Anastasia Leng worked her dream job at Google for five years. She started out in Mountain View, California, but soon transferred to London, which was her home base for the majority of the time with the company. From there, she traveled to Russia, sub-Saharan Africa, Western Europe, the Middle East, and other locations around the world. She worked on product marketing and business development, and became fluent in four languages.
It was a thrilling job. But one day, Leng woke up and realized she was too comfortable.
She had just helped launch an entrepreneurial center in London with Google, where she saw a community of creative founders and makers thrive on taking risks to start their own companies.
"It introduced me to a whole new community in the tech world," she said. "People who took risks and put everything on the line for something they really believed in."
Leng had caught the startup bug. She started talking with a friend and co-worker at Google, Ryan Hayward, who she had attended the University of Pennsylvania with, and the two came up with an idea that was the genesis for Hatch.co.
Hatch was created to be a new kind of e-commerce experience. It enables users to utilize a community of artists, makers, and designers to customize products they want to buy. Buyers are now part of the process, having a say in the creative process and in the details of the product that they want to purchase.
Leng and her co-founder, Hayward, came up with the idea because they were both trying to solve a similar problem. Hayward wanted to buy a friend a painting as a gift, but didn't want to pay the exorbitant prices that custom art costs, but he didn't want to just find a generic painting at the store.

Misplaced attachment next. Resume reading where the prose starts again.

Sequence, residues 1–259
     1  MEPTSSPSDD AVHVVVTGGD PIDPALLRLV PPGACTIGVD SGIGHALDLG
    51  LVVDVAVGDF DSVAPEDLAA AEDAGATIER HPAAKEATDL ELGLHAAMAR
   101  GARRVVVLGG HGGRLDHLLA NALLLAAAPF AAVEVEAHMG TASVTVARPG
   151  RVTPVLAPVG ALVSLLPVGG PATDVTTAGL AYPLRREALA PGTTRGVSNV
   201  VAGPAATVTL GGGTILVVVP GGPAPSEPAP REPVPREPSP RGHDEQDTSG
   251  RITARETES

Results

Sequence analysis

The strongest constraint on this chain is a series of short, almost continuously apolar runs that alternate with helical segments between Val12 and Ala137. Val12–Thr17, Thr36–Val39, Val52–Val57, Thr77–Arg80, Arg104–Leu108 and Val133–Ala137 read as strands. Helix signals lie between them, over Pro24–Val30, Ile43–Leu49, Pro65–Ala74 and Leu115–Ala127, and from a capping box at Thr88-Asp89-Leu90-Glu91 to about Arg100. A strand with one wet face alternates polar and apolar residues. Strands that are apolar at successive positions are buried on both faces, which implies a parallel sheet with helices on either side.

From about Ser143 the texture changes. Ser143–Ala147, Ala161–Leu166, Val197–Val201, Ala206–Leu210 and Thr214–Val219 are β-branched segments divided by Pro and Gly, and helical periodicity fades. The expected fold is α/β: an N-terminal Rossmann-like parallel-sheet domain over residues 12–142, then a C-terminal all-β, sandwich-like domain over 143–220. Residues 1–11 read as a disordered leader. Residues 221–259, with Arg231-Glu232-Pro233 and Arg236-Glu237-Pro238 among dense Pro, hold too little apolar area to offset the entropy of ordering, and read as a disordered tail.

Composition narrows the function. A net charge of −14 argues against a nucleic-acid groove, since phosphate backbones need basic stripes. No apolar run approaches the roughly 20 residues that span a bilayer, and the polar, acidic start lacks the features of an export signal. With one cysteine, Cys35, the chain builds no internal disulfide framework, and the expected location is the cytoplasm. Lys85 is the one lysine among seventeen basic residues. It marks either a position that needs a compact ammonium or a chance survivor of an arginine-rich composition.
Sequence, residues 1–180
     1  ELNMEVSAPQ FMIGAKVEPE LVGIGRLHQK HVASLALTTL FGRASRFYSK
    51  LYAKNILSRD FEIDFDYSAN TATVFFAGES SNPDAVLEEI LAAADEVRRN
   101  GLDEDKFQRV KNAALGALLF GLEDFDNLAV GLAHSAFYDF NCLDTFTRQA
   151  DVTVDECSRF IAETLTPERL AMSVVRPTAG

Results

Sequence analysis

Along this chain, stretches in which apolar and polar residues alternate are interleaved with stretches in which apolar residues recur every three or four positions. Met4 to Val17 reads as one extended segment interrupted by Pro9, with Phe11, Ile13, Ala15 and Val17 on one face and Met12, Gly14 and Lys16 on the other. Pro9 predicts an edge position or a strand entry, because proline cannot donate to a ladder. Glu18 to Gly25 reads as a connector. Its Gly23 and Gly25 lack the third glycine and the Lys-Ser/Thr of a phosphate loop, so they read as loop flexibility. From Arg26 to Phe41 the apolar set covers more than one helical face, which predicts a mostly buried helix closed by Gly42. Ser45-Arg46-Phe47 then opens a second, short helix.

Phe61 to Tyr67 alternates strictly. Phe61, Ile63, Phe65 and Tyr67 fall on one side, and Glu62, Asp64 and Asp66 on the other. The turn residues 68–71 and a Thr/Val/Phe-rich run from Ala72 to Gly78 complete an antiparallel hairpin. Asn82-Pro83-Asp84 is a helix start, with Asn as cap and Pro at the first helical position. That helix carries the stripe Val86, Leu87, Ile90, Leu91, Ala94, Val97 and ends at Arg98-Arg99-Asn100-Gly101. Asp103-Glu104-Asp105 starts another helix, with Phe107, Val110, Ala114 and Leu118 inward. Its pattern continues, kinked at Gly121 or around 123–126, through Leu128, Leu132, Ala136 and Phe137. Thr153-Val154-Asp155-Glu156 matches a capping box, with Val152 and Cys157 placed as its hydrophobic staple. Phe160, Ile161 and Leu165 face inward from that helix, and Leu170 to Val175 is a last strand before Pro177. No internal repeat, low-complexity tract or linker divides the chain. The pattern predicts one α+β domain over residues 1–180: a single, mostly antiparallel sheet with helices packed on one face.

Leng realized that the shopping process was unnecessarily difficult because whenever she wanted to buy something at the store — a pair of shoes, or a necklace, for instance — there was often one thing she didn't like about the product. Maybe it was the color, or a bow on it she didn't want. Instead of paying money for something she wasn't fully committed to, she thought the buyer should be able to customize the product.
So the two took a leap. Hayward moved from Tokyo to New York, and Leng left London to relocate to the Big Apple as well.
"Sometimes you just get an idea in your head and can't get it out, and there's no rhyme or reason, but you're fixated on that idea," Leng said. Such was the case with Hatch.
Hatch, which was founded in 2012, began as Makeably. Last year, it went through a rebranding to the name Hatch to better serve the needs of people who wanted to do their own customizations. Today, over 1,500 live products are available, and buyers can customize designs right on the site.
Though the company raised $650,000 in seed funding in the beginning, they still haven't taken off completely. In a time when companies are being bought out left and right for billions of dollars, Leng said she tries to remember most startups take many years to take off.
"As founders, we are own harshest critics, and where we want it to be and where it is now are a million miles apart," she said. "We want this to be a billion dollar company, and within a year and a half, that's not where it is, but we know it's just going to take more time for us."
To deal with that reality, Leng and Hayward decided early on in this venture that they wouldn't accept failure.
"The chance of failure is really high, but you put it aside and very early on, we realized if things are not going well, failure was not an option," she said. "You have to embrace the fear and never think about it again. It's harder than it sounds but it's something I really try to do."